The cannabis industry has a sustainability problem, but you can help solve some issues in eleven simple steps.
It’s no longer a secret that cannabis production is contributing to harmful greenhouse gases. That’s why sustainability is a buzzphrase among cannabis growers these days. By reducing carbon emissions in cannabis production, you’ll not only save the planet, but you’ll also save money.
So what steps can a cannabis business take to become more sustainable?
It starts with data collection.
Start collecting data now on pesticide usage, growing medium(s), nutrients, inputs, electricity, gas or oil, packaging materials, and even labor.
By keeping detailed records, a cannabis business can establish benchmarks to start making sustainability-focused changes. From there, you can start to reduce, recycle, or reuse – and save money!
11 Simple Steps to Sustainability in Cannabis Cultivation
So here are some concrete steps you can take to grow cannabis more sustainably. It’s not something you’ll achieve overnight, but it’s a good start to reduce the inputs that are putting our planet – and your pocketbook – at risk.
Can you grow more products with the same inputs? By producing more products with the same inputs, you can save thousands of dollars and conserve energy. You can achieve this by increasing the number of crop cycles per year and growing denser plants. Non Photoperiod genetics, aka auto-flowering plants, require less time and hence less energy to produce. However, some may argue that the yield and THC percentage isn’t as great as photoperiodic plants.
Companies are literally reaching the ceiling by adding 2-3 shelves onto their grow rooms. This requires a substantial investment, but it may be worth it in the long run.
Evaluate your energy usage
Keeping track of your light and heating bills could go a long way in reducing energy usage and saving money. For instance, upgrading to a high-performance HVAC and lighting system could save as much as 30%.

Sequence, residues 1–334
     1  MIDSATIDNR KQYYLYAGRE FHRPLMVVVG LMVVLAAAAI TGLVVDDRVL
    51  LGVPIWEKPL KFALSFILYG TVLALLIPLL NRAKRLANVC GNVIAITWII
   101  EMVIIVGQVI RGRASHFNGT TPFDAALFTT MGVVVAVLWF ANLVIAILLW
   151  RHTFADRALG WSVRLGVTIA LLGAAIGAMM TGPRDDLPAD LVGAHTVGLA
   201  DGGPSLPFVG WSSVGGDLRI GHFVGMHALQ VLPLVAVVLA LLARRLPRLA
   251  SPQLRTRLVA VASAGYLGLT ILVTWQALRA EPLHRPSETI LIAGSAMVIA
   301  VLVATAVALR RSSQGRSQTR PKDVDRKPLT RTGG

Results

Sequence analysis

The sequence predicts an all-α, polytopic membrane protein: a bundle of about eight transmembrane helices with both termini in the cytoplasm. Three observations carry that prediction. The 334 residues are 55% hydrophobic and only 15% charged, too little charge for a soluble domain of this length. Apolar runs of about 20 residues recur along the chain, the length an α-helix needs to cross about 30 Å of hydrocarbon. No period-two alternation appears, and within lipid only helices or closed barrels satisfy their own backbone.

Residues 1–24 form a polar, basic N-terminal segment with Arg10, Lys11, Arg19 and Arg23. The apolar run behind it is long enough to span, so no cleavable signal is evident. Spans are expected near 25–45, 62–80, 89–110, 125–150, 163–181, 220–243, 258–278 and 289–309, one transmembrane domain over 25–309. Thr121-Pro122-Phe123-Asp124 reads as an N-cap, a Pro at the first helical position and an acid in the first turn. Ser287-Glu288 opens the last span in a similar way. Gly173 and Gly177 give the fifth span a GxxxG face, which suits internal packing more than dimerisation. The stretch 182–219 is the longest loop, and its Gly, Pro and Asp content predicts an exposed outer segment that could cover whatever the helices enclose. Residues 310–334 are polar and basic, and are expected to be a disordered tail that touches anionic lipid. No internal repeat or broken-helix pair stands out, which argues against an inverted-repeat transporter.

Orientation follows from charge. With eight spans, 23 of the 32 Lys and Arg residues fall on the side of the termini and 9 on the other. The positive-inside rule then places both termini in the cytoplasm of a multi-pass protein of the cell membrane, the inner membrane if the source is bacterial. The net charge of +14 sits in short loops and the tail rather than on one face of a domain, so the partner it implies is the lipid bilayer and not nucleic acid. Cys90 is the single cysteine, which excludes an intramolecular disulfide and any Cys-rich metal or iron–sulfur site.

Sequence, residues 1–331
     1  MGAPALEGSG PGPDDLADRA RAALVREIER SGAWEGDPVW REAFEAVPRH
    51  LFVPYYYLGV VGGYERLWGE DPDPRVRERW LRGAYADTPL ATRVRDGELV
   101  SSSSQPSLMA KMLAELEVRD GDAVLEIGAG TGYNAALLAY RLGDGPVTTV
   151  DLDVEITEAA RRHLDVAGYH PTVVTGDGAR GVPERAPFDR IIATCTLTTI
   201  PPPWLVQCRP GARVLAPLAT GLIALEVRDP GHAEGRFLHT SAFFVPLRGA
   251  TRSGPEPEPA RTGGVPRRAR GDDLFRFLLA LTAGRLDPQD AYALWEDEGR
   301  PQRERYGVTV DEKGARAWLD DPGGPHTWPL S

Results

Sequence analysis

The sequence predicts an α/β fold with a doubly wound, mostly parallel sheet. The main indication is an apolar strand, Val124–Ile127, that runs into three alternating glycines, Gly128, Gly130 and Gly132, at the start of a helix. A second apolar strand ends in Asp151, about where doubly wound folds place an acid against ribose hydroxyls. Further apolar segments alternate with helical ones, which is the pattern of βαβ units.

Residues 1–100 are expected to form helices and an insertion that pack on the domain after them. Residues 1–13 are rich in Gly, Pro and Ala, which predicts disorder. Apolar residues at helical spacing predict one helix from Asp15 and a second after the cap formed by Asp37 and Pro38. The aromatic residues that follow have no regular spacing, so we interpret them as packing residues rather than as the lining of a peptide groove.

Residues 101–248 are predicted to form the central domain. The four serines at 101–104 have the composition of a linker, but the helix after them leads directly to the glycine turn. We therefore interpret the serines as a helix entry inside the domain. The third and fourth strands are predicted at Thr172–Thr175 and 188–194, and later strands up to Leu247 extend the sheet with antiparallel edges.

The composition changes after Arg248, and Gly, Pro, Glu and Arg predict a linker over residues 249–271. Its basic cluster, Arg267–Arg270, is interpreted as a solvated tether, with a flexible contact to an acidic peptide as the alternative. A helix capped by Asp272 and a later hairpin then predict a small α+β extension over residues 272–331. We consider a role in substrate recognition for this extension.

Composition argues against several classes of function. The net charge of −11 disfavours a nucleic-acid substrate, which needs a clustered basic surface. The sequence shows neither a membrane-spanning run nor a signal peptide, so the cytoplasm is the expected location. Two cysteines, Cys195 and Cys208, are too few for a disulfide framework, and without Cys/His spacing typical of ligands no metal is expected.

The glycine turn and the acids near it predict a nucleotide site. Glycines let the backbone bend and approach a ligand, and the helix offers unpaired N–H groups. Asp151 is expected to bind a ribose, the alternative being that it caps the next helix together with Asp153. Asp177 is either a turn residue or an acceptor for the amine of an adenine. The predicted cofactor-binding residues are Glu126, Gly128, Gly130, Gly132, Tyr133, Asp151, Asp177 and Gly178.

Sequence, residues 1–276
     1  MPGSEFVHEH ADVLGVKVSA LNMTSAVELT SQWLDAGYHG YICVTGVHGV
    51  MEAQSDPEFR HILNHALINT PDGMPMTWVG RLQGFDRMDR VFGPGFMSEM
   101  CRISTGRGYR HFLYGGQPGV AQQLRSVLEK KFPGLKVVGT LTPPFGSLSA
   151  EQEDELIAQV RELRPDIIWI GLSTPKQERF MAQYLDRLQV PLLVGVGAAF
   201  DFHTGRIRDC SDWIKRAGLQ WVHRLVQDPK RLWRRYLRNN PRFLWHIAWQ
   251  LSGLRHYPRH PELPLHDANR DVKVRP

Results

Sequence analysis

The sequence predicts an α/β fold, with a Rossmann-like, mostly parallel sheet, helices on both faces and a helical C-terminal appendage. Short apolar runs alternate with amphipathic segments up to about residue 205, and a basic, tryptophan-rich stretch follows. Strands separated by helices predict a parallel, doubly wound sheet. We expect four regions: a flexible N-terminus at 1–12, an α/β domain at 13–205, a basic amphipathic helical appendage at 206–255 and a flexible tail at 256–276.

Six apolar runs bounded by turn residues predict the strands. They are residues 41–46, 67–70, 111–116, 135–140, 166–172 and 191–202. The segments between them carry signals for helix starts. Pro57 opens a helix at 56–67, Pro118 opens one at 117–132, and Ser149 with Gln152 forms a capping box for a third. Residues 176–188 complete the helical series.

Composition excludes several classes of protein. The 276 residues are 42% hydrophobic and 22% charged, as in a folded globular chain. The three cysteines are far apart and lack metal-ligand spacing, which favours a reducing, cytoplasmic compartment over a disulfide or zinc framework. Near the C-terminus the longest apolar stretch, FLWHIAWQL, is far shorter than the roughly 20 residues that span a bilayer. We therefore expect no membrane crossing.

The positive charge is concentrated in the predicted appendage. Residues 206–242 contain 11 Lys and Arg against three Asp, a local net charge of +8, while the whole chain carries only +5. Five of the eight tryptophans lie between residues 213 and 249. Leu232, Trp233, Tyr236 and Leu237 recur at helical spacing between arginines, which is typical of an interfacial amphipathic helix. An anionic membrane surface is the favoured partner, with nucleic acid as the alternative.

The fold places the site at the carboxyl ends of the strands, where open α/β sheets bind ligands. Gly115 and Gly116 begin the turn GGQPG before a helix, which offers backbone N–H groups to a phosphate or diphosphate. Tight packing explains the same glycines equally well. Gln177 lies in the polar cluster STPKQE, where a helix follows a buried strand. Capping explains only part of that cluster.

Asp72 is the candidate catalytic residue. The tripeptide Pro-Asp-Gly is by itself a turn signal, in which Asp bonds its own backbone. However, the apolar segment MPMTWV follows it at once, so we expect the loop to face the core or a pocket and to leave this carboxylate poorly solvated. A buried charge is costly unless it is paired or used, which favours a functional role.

Join the Sustainable Cannabis Coalition (SCC)
Last January, a diverse group of cannabis cultivation experts got together to form the SCC. These folks will be working with industry peers to identify ways to become more sustainable in this burgeoning industry.
Use a sustainable growing medium like coco coir.
Coco coir is a waste product of coconuts, and it’s a sustainable growing medium. However, not all companies that manufacture coco coir do so sustainably. For example, Riococo WorldWide is committed to sustainable manufacturing practices, including relying on the energy from the sun to dry and sterilize products rather than using carbon-generating heaters and lights. In contrast, growing media such as Rockwool doesn’t break down in the environment and, as a result, isn’t the most sustainable option.
Keep a clean greenhouse
Proper sanitation, in most cases, means less pesticide use. Cannabis growers should already be using organic pesticides. Switching to organic fertilizers is also a way to be more sustainable. Generally speaking, it takes more energy to produce chemical pesticides and fertilizers than it does its organic counterparts.
Here comes the sun!
Like High Life Farms in Michigan, some growers are adding greenhouses to their facility to take advantage of the sun. Greenhouse cannabis growers can time their growth cycles to absorb the sun’s rays, turning off the lights during peak solar periods.
Reduce water usage
If you’re not already taking steps to curb your water usage, you should be. The lack of water, particularly in the Southwest, is only going to get worse. Traditional growers have been capturing water runoff for years now and recycling it into their plants. Trail Blazin’, out of Bellington, WA, designed a system to recapture water from air conditioners and dehumidifiers, reducing water usage by 90 percent.
Pay attention to packaging
You only have to think of that fast-food item you recently bought to understand the waste involved in packaging. Cannabis is no exception. Seek out packaging companies that offer biodegradable options or consider using recyclable products, such as glass or tin.
Consider natural ventilation for growing cannabis in your greenhouse.
Greenhouses that draw air through the ceiling are much more efficient at cooling than side vented greenhouses. Of course, all greenhouses should have automated controls that can achieve optimum heating and cooling efficiency to save energy.
Most cannabis production takes place indoors, gobbling up about 1% of the national electricity use, or $6 billion each year, and sends up 4600 kg of carbon dioxide emissions into the atmosphere, or the equivalent of the emissions of 3 million automobiles, according to one study. So for obvious reasons, solar power is becoming more appealing to cannabis growers.
Climate change, resource availability, and business costs will be the driving force for change in the years to come. Cannabis growers must meet the challenges ahead to diminish their environmental impact and please a public that cares about the environment and cannabis